Rapid body size decline in Alaskan Pleistocene horses before extinction

  title={Rapid body size decline in Alaskan Pleistocene horses before extinction},
  author={R. Dale Guthrie},
About 70% of North American large mammal species were lost at the end of the Pleistocene epoch1. The causes of this extinction—the role of humans versus that of climate—have been the focus of much controversy1,2,3,4,5,6. Horses have figured centrally in that debate, because equid species dominated North American late Pleistocene faunas in terms of abundance, geographical distribution, and species variety, yet none survived into the Holocene epoch. The timing of these equid regional extinctions… 

Human influence on distribution and extinctions of the late Pleistocene Eurasian megafauna.

Eurasian large mammal dynamics in response to changing environments during the Late Neogene

Short and long term environmental changes, variations in climate and vegetation during the late Neogene shaped the geographical ranges of large terrestrial mammals by allowing origination,

Climate change, not human population growth, correlates with Late Quaternary megafauna declines in North America

Radiocarbon-dated Event-Count (REC) Modelling is employed to test whether declines in North American megafauna species could be best explained by climate changes, increases in human population densities, or both, using the largest available database ofmegafauna and human radiocarbon dates.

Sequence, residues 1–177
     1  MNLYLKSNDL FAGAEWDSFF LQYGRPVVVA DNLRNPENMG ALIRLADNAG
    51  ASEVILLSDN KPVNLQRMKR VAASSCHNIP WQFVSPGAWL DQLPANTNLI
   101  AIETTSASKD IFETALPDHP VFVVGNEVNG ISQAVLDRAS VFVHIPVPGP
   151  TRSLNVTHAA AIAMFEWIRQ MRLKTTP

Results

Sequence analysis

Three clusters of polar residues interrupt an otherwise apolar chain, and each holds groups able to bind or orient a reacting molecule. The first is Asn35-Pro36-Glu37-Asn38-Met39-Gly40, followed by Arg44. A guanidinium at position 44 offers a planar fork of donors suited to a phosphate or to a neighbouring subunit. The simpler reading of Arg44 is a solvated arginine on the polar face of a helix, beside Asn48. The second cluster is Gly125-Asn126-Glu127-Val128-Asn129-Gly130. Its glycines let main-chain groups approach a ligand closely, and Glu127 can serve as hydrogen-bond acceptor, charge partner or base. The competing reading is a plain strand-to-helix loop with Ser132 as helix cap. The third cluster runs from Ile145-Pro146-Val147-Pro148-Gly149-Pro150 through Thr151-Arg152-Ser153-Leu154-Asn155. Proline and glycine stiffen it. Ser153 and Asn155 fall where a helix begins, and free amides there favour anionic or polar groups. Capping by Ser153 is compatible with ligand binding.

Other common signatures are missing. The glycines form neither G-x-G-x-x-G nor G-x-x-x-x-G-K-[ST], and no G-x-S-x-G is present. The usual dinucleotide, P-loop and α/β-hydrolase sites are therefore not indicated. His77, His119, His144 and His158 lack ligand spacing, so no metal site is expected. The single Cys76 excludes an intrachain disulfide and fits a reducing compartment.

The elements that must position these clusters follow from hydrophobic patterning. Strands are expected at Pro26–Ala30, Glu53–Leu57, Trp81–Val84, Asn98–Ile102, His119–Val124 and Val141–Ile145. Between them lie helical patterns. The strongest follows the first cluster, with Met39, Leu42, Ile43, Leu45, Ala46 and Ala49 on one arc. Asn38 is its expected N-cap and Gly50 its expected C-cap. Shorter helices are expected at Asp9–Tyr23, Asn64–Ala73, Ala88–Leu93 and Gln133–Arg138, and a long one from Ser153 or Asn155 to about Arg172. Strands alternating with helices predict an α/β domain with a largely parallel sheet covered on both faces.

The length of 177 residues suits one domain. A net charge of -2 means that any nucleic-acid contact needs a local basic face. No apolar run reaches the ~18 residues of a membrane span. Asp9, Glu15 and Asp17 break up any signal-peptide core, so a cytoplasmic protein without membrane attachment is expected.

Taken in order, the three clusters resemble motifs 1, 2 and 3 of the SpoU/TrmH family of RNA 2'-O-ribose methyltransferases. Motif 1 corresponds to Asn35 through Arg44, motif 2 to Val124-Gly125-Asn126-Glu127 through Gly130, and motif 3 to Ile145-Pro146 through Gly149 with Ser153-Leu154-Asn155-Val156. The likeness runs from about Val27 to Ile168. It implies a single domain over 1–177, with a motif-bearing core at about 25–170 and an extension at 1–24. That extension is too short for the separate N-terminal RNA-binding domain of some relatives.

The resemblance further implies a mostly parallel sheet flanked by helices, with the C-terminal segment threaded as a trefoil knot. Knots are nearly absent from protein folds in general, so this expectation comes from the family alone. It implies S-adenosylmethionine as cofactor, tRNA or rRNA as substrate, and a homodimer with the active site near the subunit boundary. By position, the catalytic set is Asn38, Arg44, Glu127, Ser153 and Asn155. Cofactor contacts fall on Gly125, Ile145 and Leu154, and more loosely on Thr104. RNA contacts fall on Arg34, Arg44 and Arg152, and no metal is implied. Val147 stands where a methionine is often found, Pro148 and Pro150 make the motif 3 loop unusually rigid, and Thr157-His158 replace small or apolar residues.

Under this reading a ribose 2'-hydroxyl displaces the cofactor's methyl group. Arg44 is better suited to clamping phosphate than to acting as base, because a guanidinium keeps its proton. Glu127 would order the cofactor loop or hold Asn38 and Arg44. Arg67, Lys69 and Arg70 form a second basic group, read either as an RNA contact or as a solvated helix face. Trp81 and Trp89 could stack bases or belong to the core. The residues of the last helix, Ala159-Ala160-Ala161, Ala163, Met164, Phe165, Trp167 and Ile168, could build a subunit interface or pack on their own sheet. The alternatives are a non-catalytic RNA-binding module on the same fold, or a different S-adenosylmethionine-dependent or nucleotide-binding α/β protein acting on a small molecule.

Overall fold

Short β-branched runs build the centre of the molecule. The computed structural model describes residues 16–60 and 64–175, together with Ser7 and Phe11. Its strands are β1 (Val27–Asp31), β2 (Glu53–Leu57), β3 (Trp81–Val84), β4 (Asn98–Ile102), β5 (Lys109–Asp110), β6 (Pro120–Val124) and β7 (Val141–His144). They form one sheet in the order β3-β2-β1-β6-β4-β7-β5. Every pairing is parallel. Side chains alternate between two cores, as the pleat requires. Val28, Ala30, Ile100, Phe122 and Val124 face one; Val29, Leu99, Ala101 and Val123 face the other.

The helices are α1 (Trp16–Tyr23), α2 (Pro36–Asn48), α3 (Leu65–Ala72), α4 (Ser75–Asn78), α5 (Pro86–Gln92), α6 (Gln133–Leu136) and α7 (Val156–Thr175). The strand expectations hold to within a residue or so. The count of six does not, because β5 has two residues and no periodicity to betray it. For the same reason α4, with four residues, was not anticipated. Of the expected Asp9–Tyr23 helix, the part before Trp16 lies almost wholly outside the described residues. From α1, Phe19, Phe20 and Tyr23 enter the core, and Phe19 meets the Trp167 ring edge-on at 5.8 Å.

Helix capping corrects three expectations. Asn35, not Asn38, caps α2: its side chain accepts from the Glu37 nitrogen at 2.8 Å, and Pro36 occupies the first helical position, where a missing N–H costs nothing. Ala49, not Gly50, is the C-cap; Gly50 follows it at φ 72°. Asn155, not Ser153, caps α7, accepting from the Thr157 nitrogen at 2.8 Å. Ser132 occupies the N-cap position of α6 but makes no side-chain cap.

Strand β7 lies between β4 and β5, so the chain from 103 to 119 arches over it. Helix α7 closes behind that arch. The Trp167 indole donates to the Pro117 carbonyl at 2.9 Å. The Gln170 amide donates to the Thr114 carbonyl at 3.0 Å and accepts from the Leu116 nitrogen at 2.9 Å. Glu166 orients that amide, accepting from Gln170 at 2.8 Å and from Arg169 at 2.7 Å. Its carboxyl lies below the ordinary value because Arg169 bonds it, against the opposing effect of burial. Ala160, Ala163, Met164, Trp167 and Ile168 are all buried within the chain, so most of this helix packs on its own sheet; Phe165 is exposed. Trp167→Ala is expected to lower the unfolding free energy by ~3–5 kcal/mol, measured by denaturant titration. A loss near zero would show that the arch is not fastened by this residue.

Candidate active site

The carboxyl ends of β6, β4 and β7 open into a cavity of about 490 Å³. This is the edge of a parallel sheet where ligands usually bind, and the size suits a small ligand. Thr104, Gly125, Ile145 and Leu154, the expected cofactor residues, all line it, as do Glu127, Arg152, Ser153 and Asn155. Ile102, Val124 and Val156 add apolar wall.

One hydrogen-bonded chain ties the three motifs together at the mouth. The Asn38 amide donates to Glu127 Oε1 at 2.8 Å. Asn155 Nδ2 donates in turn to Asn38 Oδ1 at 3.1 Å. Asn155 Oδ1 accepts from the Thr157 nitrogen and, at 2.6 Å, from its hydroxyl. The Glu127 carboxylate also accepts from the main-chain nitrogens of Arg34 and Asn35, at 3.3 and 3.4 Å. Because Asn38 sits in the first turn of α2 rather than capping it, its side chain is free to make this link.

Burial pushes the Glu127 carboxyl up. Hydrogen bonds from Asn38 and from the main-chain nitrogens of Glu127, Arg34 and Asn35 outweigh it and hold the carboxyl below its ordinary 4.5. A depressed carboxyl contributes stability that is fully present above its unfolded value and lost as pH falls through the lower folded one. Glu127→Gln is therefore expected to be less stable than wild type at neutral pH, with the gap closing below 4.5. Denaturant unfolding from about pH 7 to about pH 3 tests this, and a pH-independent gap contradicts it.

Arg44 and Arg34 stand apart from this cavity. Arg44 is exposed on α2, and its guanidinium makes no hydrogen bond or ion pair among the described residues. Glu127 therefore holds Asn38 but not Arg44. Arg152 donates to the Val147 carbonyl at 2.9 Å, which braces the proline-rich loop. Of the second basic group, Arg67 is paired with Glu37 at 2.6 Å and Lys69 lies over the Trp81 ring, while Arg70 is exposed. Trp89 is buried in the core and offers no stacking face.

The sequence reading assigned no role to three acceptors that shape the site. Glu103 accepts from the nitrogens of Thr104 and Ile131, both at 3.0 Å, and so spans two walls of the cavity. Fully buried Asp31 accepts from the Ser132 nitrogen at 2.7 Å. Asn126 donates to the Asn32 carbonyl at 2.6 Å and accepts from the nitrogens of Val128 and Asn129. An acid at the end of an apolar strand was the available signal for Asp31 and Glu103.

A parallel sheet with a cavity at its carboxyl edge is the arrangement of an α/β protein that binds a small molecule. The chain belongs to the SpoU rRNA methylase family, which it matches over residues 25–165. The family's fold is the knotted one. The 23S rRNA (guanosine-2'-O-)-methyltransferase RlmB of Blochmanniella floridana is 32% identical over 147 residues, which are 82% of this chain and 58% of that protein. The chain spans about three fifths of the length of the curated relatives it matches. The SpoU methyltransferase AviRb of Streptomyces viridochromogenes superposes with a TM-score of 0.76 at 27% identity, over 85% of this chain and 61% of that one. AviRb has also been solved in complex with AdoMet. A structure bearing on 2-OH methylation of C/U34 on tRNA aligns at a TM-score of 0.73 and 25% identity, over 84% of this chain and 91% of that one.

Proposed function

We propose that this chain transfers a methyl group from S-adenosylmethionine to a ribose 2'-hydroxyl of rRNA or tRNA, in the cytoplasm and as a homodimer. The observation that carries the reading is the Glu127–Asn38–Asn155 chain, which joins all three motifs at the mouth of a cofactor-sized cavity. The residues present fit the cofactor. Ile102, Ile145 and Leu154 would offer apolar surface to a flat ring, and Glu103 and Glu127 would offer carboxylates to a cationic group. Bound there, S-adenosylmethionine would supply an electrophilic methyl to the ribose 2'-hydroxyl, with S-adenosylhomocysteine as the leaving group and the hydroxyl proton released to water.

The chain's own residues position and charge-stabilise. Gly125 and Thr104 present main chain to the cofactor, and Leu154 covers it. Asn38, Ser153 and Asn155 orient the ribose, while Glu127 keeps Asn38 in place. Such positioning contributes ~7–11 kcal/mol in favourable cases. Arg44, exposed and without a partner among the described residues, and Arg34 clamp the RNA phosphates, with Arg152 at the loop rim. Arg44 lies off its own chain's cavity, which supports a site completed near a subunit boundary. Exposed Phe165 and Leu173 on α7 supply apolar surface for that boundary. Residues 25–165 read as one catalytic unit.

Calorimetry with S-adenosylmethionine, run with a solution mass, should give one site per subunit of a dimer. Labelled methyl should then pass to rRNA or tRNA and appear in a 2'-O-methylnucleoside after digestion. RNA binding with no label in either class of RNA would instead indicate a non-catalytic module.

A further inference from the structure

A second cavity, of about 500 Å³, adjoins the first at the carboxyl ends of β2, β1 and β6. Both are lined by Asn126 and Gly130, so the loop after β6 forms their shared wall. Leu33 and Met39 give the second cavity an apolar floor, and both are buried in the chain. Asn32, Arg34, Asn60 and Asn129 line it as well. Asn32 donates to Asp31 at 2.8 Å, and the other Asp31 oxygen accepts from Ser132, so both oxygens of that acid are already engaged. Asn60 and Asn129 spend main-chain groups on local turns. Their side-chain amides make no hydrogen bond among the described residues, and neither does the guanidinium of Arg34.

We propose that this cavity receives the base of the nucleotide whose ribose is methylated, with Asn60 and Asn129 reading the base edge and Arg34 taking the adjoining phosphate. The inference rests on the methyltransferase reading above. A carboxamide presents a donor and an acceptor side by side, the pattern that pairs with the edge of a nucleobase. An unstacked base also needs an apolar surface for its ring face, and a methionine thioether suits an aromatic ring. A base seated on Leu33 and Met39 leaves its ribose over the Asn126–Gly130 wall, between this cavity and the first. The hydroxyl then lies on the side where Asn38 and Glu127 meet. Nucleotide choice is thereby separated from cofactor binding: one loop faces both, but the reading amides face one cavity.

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Spatio-temporal variation in the preservation of ancient faunal remains

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Megafaunal isotopes reveal role of increased moisture on rangeland during late Pleistocene extinctions

Moisture-driven environmental changes appear to have played an important part in the late Quaternary megafaunal extinctions through alteration of environments such as rangelands, which supported a large biomass of specialist grazers.

Lions and brown bears colonized North America in multiple synchronous waves of dispersal across the Bering Land Bridge

Stark synchronicity is revealed in the population dynamics of Beringian lions and brown bears, with multiple waves of dispersal across the Bering Land Bridge coinciding with glacial periods of low sea levels, as well as synchronous local extinctions in Eastern Beringia during Marine Isotope Stage 3.

Revisiting Paleoindian exploitation of extinct North American mammals

The record of Cenozoic horses in Mexico: current knowledge and palaeobiological implications

The Mexican record shows that a considerable portion of the evolutionary history of horses occurred in Mexico, and including the Mexican specimens in studies using biogeographical, evolutionary and ecological approaches will considerably improve the knowledge of horses in southern North America.